Pandas, Penguins and Pigeons, OH MY!

Google’s changes to its search algorithm have been well documented, and it’s been a busy few years – we’ve had the Penguin and Panda updates along with Hummingbird and Pigeon. The changes are keeping SEO experts and brands on their toes as we all adjust our sites on a moving target.

Below are some key factors that we’re watching in 2015 as Google is experimenting with some new and old ranking influences for the year.

Mobile SearchMobile. Since mobile search is growing astronomically, Google is putting more emphasis on delivering the best user experience possible on mobile devices. Google has been penalizing sites that provide a bad experience to mobile searchers, and now the company is testing providing a boost for those serving up a great experience. By having a responsive site with fast load times and mobile features, sites can earn Google’s mobile-friendly label for special treatment within its ranking algorithm.  Companies can use Google’s tool to see how mobile-friendly their site is:

Multimedia Content. Google is placing more importance on featuring a range of content such as video, graphics, photos, PDFs, etc, on sites. Sites that are text heavy will need to be augmented with other media and content types. A range of content is not only effective from an SEO perspective but also drives a better user experience, which contributes to lower bounces and longer session duration.

Local SEO. Local search has always been important, and the Pigeon algorithm launched in 2014 has taken it to a whole new level of specificity and accuracy. For sites this applies to, local signals need to be included when optimizing. Local signals are city, state and verbiage that relates a specific area. Including the address in the footer as well as somewhere in the copy counts. The alt text of images and image file names can be optimized to include the city or state as well. Google also wants to see more positive reviews on local listings. This is particularly important for Google Plus pages since they directly influence search rankings.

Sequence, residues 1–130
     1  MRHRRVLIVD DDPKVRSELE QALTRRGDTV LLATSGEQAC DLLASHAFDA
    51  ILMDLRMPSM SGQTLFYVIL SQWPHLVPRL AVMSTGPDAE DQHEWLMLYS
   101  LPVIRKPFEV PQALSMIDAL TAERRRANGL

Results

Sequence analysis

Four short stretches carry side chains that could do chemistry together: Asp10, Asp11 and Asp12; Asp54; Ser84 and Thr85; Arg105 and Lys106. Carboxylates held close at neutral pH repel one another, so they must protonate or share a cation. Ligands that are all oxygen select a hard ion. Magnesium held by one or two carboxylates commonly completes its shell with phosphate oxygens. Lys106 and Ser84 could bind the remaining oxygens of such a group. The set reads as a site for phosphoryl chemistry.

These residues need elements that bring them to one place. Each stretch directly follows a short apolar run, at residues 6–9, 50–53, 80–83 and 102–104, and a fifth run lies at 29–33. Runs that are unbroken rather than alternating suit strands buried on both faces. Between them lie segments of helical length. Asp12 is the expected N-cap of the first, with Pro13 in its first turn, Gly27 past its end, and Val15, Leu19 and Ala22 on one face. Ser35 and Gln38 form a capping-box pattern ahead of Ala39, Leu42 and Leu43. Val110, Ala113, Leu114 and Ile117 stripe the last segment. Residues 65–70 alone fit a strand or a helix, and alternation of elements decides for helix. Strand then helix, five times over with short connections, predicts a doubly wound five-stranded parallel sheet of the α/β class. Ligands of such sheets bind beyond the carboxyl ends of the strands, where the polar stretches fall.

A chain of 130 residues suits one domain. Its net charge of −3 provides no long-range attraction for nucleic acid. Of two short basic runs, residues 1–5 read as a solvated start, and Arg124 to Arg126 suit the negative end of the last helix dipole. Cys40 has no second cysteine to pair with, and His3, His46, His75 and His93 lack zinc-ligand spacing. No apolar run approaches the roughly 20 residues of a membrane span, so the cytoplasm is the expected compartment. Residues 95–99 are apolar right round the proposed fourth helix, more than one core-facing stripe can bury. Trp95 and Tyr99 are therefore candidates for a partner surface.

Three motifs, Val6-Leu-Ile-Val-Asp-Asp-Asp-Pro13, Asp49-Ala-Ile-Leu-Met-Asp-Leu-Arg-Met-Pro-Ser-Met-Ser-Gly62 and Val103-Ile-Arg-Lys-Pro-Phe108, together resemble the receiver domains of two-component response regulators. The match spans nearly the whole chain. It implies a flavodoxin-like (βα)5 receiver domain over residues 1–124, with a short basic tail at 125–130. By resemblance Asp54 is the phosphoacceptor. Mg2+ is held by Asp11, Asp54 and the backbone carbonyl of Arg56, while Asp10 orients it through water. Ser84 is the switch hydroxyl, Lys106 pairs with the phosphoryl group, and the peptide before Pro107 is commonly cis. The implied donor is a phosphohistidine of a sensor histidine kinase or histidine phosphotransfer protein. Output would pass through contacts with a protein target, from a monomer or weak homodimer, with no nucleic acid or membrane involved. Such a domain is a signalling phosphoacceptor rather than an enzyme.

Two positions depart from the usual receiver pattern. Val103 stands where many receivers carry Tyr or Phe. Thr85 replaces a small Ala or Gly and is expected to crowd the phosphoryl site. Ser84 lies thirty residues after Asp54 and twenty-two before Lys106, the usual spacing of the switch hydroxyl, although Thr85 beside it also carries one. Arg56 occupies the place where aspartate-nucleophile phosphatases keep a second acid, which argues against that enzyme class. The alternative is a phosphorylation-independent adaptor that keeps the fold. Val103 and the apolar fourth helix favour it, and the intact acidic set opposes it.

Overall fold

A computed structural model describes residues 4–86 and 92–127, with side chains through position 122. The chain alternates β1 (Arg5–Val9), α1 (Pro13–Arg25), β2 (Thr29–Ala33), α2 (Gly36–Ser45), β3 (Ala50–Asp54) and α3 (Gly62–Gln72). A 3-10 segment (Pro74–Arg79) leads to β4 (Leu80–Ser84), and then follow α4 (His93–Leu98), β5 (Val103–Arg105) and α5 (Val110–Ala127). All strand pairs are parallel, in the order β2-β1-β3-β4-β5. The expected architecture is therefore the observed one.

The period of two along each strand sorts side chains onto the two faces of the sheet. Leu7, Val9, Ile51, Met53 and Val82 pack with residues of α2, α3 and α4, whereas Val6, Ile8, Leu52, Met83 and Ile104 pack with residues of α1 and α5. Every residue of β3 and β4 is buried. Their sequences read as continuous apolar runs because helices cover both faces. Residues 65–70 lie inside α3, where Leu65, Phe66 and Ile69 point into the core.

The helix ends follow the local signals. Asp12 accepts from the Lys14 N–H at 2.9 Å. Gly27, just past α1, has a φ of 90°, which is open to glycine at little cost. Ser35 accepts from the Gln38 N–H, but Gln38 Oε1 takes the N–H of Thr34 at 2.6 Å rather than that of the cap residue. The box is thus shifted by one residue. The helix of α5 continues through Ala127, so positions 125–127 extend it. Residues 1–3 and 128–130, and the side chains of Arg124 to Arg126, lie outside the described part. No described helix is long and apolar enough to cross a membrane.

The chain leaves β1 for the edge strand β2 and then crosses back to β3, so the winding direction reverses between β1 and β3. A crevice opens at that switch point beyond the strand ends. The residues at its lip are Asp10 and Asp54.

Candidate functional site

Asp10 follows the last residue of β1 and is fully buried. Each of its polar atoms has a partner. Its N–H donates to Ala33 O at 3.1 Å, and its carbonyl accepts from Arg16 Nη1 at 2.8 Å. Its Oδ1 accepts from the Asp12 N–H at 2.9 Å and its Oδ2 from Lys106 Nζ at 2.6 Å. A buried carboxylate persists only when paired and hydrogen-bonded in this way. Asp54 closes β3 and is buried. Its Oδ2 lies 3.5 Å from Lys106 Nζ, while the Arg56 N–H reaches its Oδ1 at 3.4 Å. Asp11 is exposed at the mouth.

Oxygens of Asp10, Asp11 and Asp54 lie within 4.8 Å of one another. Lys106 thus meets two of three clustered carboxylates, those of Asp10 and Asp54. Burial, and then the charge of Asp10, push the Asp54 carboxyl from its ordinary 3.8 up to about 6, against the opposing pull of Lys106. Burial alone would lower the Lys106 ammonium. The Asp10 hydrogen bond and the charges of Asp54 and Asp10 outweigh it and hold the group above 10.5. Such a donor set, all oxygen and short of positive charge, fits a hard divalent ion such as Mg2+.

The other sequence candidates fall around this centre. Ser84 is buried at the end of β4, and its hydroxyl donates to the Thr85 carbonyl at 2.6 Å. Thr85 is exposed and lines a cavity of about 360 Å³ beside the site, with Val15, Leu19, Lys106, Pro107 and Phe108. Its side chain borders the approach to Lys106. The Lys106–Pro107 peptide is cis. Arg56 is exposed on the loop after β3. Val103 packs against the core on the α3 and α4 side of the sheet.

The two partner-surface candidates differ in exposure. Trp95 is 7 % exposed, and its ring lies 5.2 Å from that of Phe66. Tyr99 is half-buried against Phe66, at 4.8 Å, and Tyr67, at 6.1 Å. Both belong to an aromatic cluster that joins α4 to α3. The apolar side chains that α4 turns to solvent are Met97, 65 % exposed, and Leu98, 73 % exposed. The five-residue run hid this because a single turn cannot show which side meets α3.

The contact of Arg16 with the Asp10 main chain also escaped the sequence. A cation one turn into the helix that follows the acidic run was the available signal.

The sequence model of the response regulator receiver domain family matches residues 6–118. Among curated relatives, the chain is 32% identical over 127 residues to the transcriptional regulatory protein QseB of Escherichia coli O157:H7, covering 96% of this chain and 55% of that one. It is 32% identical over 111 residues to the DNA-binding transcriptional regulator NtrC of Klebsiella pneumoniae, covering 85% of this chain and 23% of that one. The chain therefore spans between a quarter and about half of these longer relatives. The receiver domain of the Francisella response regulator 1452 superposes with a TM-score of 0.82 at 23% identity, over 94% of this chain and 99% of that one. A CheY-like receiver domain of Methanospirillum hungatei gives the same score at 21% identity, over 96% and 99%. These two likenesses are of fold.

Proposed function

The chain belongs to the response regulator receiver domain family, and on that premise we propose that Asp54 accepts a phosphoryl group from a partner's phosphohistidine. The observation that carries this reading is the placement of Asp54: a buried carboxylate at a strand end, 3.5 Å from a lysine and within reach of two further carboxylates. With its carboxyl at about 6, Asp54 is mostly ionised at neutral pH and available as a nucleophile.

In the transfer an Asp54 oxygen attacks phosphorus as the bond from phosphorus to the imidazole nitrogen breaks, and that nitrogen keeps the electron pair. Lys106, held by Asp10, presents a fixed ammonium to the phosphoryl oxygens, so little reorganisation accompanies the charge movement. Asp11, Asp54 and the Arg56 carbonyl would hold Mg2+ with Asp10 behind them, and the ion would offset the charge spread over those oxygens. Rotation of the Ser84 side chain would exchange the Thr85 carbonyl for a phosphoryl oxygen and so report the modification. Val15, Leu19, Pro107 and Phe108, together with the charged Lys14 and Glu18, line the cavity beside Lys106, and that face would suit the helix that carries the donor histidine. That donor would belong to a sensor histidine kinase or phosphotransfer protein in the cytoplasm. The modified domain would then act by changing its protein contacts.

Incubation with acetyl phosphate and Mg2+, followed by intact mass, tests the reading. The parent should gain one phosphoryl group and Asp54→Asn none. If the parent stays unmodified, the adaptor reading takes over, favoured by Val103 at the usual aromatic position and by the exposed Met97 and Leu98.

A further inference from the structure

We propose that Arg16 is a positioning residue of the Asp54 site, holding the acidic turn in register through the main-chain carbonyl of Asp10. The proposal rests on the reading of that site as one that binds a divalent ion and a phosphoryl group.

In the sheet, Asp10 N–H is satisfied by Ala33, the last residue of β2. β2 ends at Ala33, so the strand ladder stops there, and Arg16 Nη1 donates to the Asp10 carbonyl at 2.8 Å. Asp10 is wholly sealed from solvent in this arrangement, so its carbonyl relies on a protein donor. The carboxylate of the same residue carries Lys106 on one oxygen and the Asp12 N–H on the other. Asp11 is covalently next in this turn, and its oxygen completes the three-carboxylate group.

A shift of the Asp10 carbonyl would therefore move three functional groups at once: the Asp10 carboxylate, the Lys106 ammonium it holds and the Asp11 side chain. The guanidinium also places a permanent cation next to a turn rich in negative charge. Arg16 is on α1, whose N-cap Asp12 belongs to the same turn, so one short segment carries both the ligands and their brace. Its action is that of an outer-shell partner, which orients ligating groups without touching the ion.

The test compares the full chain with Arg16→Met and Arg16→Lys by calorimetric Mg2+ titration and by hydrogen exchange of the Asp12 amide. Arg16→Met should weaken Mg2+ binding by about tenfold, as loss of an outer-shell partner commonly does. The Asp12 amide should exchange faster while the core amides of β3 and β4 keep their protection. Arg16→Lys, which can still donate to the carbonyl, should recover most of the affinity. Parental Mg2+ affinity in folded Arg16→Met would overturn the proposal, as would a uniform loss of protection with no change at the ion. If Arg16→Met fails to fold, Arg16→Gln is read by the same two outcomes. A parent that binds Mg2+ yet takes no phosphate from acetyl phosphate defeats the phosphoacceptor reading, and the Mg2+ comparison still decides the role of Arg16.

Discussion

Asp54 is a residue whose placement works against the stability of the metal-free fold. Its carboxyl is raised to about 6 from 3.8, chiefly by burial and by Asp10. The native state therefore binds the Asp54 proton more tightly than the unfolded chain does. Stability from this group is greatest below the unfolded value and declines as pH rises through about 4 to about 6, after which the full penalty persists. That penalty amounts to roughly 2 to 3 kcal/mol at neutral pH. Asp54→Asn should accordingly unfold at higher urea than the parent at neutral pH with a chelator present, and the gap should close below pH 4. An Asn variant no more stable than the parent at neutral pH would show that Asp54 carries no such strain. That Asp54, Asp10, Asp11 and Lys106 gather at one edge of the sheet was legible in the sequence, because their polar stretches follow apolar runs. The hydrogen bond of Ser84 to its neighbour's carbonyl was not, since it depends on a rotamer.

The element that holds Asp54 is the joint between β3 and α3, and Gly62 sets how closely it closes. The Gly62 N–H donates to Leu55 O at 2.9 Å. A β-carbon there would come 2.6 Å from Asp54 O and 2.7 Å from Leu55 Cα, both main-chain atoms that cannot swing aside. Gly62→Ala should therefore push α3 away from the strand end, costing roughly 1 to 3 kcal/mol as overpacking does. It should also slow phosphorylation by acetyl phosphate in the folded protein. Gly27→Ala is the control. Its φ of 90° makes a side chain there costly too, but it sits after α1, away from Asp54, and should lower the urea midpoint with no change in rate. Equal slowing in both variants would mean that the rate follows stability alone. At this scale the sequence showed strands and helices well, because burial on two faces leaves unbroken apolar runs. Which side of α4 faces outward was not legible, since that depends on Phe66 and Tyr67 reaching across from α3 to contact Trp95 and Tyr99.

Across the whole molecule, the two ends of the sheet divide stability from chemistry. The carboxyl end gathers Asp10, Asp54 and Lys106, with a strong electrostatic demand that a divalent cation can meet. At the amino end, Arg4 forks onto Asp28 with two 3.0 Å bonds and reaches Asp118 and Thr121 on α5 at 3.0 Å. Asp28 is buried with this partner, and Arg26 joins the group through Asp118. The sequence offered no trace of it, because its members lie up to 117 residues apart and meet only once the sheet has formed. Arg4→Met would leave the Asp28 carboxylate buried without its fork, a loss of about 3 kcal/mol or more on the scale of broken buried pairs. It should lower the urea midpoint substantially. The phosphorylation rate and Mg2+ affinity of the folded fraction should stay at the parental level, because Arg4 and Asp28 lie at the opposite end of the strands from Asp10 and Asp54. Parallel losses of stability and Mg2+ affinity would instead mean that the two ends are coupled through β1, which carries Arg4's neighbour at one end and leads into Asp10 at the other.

Session Duration. This is the amount of time a visitor spends on a website. Usually this is data people pay attention to in order to assess how engaging content is, etc. Now Google will be looking at it for the same purpose and use it as a ranking factor. The longer the site visit duration, the better.

Bounce Rate. A measurement of how quickly someone leaves your site, bounce rates are another indicator of the quality of content on the site. Usually the lower the better, but a high bounce rate isn’t always a bad thing. Sometimes visitors find the information they want quickly enough, such as a phone number, and then exit the site. If that’s not happening then the lower the better.

Content Updates. A staple of search rankings, content updates still matter today. Google tracks how often a site’s content is updated as a signal about how current the content is. How often Google returns to a site to crawl and index is a mystery, but updating content monthly or bi-monthly would be good start. If you don’t have a blog that’s regularly updated, you might consider it. Blogging is one of the easiest ways to have consistent content updates made to a site, and it’s a valuable content marketing tool.